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A Dose of NCAA Basketball History

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A Dose of NCAA Basketball History Powered By Docstoc
					A Dose of NCAA Basketball History

The National Collegiate Athletic Association was the
trendsetter in ambiguity and victory. It is has
undergone a lot of ups and downs. From the very
founder of the game which all basketball enthusiasts
have to be thankful for, Dr. Naismith. He, who showed
people that a game this big can come from a game so
seemingly small then.

It’s like looking through the hourglass where sands of
time has lost track of the day that has passed. NCAA
basketball revitalized the blood of every college
individual. Dreamers and supporters alike are the ones
who made every event possible.

NCAA begins on the month of March. This is usually the
time where cheerleaders strut their moves and the best
players are molded into persons who will pave the way
to get into the NBA or get into the school of their
choice. “March Madness”, as they call it, had become a
traditional season where colleges from different parts
of the United States meet for a chance to get to the
top.

This wouldn’t all be possible without the help of a
few significant people who paved the way for the
firsts. First event. First MVP. First team champion.
It’s all included in NCAA’s history record.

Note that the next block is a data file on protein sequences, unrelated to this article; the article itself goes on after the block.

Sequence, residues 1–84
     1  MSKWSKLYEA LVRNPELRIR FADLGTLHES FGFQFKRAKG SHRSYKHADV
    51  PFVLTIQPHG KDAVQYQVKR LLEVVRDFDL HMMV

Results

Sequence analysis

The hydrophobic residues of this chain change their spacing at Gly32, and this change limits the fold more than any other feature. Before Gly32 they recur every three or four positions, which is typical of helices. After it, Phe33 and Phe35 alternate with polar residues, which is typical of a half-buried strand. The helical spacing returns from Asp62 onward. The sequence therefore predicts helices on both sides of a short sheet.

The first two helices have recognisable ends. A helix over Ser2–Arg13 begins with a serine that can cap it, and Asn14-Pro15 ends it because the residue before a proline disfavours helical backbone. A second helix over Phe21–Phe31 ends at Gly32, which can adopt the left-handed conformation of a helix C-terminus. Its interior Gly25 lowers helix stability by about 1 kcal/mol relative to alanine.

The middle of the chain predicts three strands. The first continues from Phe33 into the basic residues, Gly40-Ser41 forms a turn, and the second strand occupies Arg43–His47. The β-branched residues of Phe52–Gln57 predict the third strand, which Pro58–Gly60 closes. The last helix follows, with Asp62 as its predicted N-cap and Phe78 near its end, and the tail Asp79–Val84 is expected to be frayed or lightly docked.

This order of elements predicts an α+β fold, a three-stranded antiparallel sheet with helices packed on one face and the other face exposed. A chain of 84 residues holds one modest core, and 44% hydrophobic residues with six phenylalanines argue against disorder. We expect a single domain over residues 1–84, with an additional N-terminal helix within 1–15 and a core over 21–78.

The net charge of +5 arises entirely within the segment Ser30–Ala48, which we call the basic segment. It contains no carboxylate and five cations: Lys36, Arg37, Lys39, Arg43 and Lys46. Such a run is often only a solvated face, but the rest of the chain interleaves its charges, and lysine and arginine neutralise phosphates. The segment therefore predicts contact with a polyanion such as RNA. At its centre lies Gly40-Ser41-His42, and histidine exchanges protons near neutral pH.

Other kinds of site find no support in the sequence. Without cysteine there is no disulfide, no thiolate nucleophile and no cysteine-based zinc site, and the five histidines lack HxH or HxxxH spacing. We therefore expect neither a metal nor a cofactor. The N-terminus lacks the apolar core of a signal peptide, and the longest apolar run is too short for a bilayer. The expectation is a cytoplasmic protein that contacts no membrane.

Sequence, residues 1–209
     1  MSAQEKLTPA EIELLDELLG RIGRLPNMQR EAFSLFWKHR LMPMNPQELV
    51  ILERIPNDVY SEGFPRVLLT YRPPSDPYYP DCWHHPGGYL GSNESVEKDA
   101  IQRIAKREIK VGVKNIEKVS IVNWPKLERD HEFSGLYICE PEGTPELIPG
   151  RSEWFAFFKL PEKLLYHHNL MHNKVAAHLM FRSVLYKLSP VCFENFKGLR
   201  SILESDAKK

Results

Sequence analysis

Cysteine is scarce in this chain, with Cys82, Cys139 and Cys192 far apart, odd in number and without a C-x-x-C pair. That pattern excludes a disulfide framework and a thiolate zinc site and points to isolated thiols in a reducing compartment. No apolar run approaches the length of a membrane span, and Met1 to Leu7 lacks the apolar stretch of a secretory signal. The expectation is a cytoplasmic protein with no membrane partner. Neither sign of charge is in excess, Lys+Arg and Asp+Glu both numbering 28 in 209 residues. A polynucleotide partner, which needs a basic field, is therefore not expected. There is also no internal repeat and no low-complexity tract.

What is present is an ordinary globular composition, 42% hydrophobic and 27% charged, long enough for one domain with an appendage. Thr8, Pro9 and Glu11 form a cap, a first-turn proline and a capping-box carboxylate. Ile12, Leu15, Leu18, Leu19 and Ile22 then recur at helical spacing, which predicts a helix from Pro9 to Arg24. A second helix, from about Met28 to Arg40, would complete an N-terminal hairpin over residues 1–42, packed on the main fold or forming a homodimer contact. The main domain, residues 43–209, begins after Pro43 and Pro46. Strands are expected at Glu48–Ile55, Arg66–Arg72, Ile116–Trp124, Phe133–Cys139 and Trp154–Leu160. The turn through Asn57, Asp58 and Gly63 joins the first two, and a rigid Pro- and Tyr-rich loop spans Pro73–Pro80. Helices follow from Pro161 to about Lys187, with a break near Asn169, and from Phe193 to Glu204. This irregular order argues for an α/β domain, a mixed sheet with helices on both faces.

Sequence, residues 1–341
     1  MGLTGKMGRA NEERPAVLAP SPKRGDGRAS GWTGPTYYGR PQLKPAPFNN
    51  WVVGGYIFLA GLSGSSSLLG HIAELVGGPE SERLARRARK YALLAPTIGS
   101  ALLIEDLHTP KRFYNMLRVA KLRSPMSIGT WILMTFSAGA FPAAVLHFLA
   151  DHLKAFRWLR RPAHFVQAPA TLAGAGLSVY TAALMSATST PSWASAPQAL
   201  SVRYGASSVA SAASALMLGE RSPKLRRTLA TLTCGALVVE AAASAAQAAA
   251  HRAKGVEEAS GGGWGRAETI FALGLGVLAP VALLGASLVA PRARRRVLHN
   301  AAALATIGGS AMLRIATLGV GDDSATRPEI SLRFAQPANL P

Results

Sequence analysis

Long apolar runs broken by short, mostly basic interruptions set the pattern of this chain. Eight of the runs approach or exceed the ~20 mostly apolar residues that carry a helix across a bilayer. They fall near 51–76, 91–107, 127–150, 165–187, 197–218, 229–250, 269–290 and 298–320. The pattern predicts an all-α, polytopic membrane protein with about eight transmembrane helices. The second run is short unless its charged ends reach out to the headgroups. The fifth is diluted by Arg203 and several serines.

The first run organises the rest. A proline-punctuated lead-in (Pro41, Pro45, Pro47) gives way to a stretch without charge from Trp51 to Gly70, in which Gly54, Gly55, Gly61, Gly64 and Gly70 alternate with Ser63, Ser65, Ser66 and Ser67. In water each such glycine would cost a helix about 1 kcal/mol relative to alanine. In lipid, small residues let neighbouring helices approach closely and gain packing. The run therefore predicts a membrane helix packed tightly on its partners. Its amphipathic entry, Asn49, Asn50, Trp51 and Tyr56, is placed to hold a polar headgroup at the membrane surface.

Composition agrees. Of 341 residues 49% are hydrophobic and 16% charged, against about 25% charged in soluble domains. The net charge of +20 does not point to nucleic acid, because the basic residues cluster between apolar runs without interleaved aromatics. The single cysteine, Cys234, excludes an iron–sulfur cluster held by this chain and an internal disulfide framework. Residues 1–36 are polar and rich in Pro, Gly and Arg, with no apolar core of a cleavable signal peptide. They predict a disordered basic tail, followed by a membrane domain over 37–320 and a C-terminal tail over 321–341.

It was stated that the very first NCAA tournament for
men’s basketball was held at Northwestern on March 27,
1939. There were only 8 teams that competed against
each other coming from 2 different regions. Oregon was
the very first to be declared as champions for that
event, defeating Ohio State.

The NCAA was the king of the basketball arena but not
until the 1950’s came. NIT went into the scene and was
then considered as the more prestigious event than
NCAA. Teams then preferred to play in NIT and choose
to skip the NCAA season.

Because of this irony, the best teams never met. But
either way, some of the best schools choose to enter
both tournaments that made playing more interesting.

In the 1940’s, Oklahoma A&M won two titles in the
NCAA. Those who were defeated in NIT recovered much
and gained integrity when they entered the NCAA. While
some schools decided to stick with NIT, there are
others who lost on their first and second round with
NIT and decided to finish the season in the NCAA.
A third-place event was added into the game schedule
in courtesy with the East region. That was in 1941.
The national third-place game was first held in 1946.
This lasted until the 1980’s. In comes 1951. This was
the year where the expansion of 8 teams were made into
16. Seattle became the site of the semifinal and
championship games in 1952. This was also the place
where the genuine “final four” was made.

1956 became historical for this year paved the way for
the tournament to be divided into regions of four.
Thus, the most magnificent and famous games were made.

In 1974, NCAA became a tournament with 32 teams. They
also allowed more schools to participate in
conferences. When 1979 came, it expanded to 40
participating teams. This is the year when Michigan
State won national championship against Indiana State.
This tournament was one of the most historical events
ever accounted for in all of NCAA seasons. Earvin
“Magic” Johnson became well known going against Larry
Bird.

As the expansion follows over the years, in 1985, it
had become a 64-team match. The tournament’s
popularity reached the corners of the country far and
wide. Negotiations from television networks to air the
game via satellite speeding through the internet,
radio, etc. had been agreed upon.

				
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